Signal Hill Secondary will travel from Tobago today to the Manny Ramjohn Stadium in Marabella to face "home" team Naparima College from 4 p.m. Only one team will emerge Coca Cola InterCol champions.
It is perhaps fitting that these two sides are battling for the 2010 InterCol crown. A lot more than simply the title is at stake for today's winners. There is the prize of becoming the most successful school in the history of the Secondary Schools Football League, and its predecessor, the College's League.
On the national front, these teams, along with San Fernando Technical Institute, have nine national titles. Signal Hill enjoyed their main period of dominance in the 1980s, when they took three National League titles (1984, 1987-88) and four InterCol crowns (1982, 1987-89). Their other two titles came in 1998 (League) and 1995 (InterCol).
For Naparima, after three InterCol successes in the 1970s (1973, 1976-77), it took them 22 years to earn their next title. They resurfaced in 1999 with the League-InterCol double, landed the InterCol trophy a year later, and then in four years, won their last three League (2005, 2008) and InterCol (2007) crowns.
"Naps" had a chance to grab their tenth national and seventh InterCol title last year, but were beaten to the punch by a less-talented, but game El Dorado side.
Behind these two resilient teams are ex-national "Strike Squad" forward Leonson Lewis, who took over as Naparima head coach this year, and one of the most renowned and experienced tacticians in Trinidad and Tobago, former senior T&T coach Bertille St Clair, who heads the Signal Hill technical bench.
Naparima have performed to their traditional strengths in 2010 despite having only five players with InterCol experience from last year. Their captain Anthony Parris is the only one to taste national glory in the 2007 InterCol and 2008 League campaigns.
According to Lewis, a record tenth title will be very "significant" for Naps, and for him as a coach.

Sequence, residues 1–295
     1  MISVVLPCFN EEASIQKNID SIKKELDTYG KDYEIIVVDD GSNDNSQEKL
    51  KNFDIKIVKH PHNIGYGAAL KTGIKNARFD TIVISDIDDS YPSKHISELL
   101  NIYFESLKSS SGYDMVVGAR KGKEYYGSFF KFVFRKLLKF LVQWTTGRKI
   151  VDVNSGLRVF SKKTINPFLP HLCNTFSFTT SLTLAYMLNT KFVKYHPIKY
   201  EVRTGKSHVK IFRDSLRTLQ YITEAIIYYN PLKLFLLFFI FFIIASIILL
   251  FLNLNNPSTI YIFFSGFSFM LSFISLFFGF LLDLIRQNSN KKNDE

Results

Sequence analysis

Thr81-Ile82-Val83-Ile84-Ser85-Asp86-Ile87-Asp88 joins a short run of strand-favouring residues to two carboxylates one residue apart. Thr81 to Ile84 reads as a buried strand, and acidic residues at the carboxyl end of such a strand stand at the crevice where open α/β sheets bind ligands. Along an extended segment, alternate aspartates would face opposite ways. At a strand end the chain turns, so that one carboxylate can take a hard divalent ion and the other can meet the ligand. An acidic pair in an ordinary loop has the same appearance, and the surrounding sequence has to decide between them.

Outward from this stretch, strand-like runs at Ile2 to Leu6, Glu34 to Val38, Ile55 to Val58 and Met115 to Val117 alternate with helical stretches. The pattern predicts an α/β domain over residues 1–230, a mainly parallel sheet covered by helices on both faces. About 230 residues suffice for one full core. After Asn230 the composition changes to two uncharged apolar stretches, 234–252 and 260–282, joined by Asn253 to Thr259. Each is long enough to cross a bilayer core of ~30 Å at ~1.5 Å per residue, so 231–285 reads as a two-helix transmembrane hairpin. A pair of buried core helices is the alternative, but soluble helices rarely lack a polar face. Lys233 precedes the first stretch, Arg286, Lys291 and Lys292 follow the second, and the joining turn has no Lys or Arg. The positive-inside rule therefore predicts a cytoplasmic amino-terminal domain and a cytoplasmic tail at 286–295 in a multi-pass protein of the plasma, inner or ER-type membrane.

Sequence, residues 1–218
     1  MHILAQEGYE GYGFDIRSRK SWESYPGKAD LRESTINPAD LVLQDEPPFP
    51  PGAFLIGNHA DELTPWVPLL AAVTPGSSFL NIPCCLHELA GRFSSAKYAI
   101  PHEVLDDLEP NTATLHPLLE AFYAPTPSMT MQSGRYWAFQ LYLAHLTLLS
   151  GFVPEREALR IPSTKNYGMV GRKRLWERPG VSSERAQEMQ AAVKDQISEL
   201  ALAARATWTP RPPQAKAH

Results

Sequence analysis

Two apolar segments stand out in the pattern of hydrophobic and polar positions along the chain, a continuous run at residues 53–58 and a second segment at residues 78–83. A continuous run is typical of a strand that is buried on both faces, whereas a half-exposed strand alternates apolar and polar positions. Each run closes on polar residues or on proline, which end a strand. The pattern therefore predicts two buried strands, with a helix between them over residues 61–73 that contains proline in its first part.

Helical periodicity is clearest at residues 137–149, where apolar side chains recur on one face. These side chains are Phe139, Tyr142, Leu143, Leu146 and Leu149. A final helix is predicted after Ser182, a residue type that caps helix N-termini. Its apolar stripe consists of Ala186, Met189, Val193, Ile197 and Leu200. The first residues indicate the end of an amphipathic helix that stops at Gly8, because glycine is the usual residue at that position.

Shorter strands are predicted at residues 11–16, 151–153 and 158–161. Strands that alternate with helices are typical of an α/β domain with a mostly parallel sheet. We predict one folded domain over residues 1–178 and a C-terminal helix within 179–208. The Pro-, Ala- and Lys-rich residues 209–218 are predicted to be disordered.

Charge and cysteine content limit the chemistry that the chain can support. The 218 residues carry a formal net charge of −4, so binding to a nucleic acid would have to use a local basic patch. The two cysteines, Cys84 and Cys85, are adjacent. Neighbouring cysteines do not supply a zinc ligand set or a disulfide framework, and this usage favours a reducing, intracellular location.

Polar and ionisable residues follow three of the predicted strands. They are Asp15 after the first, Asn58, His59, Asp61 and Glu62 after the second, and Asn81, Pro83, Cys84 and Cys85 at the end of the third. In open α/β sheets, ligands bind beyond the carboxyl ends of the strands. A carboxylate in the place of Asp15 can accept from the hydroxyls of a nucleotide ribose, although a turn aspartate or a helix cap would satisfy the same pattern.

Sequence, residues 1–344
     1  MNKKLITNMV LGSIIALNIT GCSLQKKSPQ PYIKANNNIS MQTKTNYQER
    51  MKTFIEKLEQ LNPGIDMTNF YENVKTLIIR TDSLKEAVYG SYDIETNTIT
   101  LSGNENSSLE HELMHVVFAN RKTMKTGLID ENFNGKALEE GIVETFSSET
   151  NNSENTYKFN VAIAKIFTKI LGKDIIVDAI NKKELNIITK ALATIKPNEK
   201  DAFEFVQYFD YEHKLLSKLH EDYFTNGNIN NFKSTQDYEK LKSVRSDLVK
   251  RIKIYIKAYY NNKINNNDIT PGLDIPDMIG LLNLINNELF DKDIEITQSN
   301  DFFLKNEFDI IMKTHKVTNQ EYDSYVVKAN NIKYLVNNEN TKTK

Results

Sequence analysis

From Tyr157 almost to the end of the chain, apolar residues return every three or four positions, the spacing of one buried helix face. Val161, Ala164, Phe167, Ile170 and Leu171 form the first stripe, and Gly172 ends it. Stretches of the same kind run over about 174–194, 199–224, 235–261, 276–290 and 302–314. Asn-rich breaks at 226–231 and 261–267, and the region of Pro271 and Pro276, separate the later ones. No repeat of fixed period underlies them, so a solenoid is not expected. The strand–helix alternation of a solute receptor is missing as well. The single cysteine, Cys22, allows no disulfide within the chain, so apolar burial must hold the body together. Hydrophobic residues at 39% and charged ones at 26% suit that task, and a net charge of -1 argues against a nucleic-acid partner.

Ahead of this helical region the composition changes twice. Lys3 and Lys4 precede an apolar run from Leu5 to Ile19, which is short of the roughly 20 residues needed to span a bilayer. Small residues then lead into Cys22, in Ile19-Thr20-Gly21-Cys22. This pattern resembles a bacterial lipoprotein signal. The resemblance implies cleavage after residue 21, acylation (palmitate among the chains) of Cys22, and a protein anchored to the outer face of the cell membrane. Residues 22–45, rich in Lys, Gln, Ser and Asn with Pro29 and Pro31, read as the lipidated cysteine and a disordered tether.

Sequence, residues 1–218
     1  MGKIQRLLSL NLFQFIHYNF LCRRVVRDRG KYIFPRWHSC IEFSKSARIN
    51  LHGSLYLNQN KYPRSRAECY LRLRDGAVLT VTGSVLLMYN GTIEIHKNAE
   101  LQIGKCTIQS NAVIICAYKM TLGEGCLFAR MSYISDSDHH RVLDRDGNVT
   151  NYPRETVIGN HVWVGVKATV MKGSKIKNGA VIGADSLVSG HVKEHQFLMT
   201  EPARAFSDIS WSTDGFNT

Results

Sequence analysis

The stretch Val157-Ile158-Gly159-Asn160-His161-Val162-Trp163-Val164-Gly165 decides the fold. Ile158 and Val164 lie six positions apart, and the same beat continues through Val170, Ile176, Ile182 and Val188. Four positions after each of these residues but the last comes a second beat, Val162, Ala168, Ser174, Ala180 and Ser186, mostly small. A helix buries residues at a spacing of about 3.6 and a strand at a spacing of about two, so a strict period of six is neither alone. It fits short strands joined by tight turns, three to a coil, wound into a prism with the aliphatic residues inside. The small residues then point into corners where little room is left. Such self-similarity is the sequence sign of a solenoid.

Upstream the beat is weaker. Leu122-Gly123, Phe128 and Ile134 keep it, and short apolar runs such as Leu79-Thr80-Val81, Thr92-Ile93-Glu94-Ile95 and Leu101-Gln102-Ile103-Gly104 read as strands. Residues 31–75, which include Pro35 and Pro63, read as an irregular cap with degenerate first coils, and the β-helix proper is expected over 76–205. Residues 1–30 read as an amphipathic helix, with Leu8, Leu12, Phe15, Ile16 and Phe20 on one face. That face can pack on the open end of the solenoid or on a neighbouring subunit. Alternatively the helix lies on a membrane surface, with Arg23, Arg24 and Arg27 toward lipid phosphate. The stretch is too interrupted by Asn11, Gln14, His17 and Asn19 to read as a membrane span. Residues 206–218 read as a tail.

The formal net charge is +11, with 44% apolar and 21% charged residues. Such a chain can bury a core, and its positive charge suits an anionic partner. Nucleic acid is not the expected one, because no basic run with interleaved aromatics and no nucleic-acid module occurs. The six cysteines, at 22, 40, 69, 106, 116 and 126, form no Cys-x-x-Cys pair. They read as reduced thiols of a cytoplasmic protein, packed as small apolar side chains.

"It will be the most important title I've ever owned. That will be really significant for me," Lewis told the Express.
Having seen Signal Hill play, Lewis is ready for today's test, even though he reserves full respect for St Clair as a coach.
"When I see Signal Hill play, they actually play football," Lewis said of his team's opponents today. "They try to pass the ball around, and they depend on Darryl Trim, their lightning quick striker.
"(With Trim) it's not a matter of if he going to score, it's more a matter of when. So it will be a big test for our defence to try to hold him."
But Lewis has full confidence in his team.
"I'm not even worried about my players playing good. My players can play well, they have proven that they are good football players. To win the final you have to play good. But you have to be smart in how you interpret things."
Xavier King, the Signal Hill manager-turned acting principal, feels Signal Hill have been at a disadvantage, having to travel to Trinidad three times for the InterCol competition.
Now they head South with history beckoning.
Having St Clair return to their coaching staff has brought new energy to the hard-working Signal Hill.
"The years before, two, three years ago, he used to help, but was never on the bench. But he brings his experience to the game, especially after half time and has been a tremendous help."
Signal Hill have not seen Naparima, and will have to do their job the old fashioned way: assess their opponents as they play the first half. That tactic worked well against Arima.
King also explained that because Signal Hill are from Tobago, they have had little opportunity to see Naps before today.
But his team will play today for the pride of Tobago.
"It would mean a lot to the school and a lot to Tobago by extension. At this point it's not about the school, it's about Tobago and how people see football in Tobago. Tobago can't get past a certain level, so now that we are passing that hurdle, it's great on the part of Tobago.
"It would be a morale boost for the school and bring success in other areas."